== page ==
Jamie Hill's friends thought that he was nuts the first time he went into debt searching for emeralds in North Carolina, but he's proven them wrong — again.
Hill made headlines when he found an 88-carat emerald in a dormant family mine in Hiddenite, N.C. in November 1998, after years of mostly fruitless searching.
In mid-January, just feet from the spot where he found the exquisite gem that brought him fame, Hill discovered two more bright, green emeralds, one weighing more than 100 carats, while the other weighs between 35 and 40 carats. The discovery came about a week into his mining efforts. Hill had taken a two-year hiatus to retrieve commercial mining permits and raise money for mining equipment.
Experts say that Hill's latest finds rank among the finest emeralds in the world because of their brilliant green color, large size and the fact that the emerald has formed independent of crystals rather than imbedded in the rock. It is impossible to put a price tag on the gems until they are cut from the rough and made into polished gems.
Hill, 38, has been searching for treasure since he was a child. After dropping out of college and drifting through a number of jobs, he went back to his first love, looking for gems. But he had blitzed through $200,000, was in debt, and getting ready to take a factory job when he made the 1998 discovery.
Emeralds Back In Carolina?
Experts say that Hill's find will put North America on the map for gemstones. Hiddenite is in the Brushy Mountains, about 50 miles northwest of Charlotte, N.C.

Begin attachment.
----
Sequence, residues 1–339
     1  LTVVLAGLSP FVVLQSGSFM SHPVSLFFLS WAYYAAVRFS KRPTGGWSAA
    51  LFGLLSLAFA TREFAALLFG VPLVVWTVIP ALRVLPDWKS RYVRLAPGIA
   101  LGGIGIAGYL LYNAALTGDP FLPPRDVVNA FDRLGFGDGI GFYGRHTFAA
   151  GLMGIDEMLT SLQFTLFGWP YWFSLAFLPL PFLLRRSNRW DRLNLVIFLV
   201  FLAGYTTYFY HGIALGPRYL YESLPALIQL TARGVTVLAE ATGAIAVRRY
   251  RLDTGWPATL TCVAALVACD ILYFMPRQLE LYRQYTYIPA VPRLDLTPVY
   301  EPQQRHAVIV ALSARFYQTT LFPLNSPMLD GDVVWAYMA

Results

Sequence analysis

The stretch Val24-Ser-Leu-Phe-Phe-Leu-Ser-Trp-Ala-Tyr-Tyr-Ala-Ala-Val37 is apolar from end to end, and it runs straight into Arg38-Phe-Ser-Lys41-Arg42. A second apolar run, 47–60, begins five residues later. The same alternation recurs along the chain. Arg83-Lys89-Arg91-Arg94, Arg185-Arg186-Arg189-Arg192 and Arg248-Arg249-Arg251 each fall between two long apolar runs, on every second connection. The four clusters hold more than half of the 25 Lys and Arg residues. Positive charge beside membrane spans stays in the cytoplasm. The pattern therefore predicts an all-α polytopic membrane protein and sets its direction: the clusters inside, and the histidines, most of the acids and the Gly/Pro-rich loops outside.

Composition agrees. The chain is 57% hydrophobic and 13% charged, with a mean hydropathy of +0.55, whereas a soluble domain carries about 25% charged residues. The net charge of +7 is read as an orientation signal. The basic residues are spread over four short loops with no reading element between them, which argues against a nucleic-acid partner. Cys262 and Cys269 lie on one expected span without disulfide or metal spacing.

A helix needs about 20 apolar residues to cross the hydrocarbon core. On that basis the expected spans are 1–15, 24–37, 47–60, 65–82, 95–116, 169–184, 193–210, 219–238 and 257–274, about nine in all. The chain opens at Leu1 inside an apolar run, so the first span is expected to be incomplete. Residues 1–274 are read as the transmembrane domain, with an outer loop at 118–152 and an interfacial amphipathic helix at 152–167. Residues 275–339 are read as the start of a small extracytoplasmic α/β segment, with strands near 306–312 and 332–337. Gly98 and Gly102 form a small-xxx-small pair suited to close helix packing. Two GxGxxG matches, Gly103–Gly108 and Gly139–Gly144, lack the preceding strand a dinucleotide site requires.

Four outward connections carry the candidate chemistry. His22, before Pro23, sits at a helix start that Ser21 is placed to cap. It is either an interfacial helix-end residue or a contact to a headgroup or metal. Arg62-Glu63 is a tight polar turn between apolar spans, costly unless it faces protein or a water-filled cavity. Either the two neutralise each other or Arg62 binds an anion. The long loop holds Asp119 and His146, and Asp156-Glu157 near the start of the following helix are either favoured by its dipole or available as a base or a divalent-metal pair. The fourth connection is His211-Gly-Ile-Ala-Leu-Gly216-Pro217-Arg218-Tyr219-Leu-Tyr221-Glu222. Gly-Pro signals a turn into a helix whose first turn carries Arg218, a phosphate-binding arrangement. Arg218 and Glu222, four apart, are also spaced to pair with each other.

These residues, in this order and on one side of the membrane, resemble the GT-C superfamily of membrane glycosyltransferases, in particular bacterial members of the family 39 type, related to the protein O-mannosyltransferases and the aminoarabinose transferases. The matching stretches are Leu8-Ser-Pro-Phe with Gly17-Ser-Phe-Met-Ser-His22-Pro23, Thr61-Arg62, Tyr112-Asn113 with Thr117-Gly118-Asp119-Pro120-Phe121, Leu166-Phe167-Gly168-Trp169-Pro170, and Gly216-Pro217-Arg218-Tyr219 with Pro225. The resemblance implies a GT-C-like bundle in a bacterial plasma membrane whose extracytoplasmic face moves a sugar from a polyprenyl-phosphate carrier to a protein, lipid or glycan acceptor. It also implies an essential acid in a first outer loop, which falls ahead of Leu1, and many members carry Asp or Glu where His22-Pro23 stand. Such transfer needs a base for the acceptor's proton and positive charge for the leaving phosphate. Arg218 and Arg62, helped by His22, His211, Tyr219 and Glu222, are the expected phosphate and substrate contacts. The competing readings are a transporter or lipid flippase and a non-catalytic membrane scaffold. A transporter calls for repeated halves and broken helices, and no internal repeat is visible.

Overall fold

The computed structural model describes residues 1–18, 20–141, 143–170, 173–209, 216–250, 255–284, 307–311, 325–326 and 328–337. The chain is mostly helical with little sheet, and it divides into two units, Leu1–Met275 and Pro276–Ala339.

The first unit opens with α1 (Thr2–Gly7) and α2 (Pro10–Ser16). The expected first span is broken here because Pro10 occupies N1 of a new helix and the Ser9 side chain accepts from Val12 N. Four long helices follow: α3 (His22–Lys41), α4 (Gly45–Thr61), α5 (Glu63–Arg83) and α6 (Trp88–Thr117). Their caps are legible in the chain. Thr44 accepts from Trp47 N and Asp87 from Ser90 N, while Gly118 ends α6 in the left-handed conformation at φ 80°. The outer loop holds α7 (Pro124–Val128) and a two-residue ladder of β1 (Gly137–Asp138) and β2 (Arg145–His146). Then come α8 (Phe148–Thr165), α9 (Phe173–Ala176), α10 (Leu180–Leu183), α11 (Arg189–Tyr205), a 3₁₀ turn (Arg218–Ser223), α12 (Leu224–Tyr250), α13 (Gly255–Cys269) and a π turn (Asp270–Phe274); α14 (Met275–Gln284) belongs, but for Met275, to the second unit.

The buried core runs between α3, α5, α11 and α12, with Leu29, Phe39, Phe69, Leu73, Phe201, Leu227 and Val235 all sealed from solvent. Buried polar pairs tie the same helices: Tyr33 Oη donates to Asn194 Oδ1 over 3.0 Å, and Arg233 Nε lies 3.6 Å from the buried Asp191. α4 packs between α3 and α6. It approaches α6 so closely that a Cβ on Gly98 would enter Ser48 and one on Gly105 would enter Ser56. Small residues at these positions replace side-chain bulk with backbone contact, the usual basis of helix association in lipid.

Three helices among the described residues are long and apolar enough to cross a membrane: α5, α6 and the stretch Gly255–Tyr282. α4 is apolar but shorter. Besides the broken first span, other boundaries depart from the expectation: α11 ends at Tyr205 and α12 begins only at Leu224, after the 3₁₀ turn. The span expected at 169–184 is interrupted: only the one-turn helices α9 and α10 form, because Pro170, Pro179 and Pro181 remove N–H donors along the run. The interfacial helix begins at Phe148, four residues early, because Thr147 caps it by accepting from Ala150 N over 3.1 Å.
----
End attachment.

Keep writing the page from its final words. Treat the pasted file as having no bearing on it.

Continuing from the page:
Most emeralds are found in Colombia, Brazil, Zambia and Zimbabwe. Alexander County in North Carolina — an area that includes Hiddenite — was known for its gems after the Civil War, but the supply was believed to be tapped out by World War II.
That's why it was such a surprise when Hill came upon an 88-carat emerald in 1998. The rough gem was cut down into two polished gems of 18.8 carats and 7.8 carats. The smaller one, called "The Carolina Prince" was sold in 1999 to a private investor for $500,000.
Another Hiddenite emerald found in 1970 was sold for $200,000 after it was cut by Tiffany's.
Buying a Colored Gemstone
Buying a colored gemstone is different than buying a diamond, which are subject to a more uniform grading scale. But if you are on the market to buy one, you still should look at the four c's:cut, color, clarity and carat. Experts recommend looking at gemstones using a loupe, which magnifies by 10 times and can be obtained from any optical supply house.
If you see bubbles and swirl lines within the gem, that's a telltale sign that it contains glass. Inside emeralds, you will see internal flaws that are called inclusions, which are normal. But a loupe can show you if these natural cracks are serious, close to the surface, or if they are readily visible.
Here are some tips from gem expert Antoinette Matlins, who wrote Jewelry & Gems, the Buying Guide.
Whenever possible, examine stones unmounted. Looking at the loose gemstone allows you to see the entire stone. Defects cannot be hidden by the mounting or side stones.
Make sure the gem is clean. Ask the retail jeweler to clean it for you, or if that is not possible, breathe on it in a huffing manner, then wipe it with a clean handkerchief to remove at least the superficial film of grease.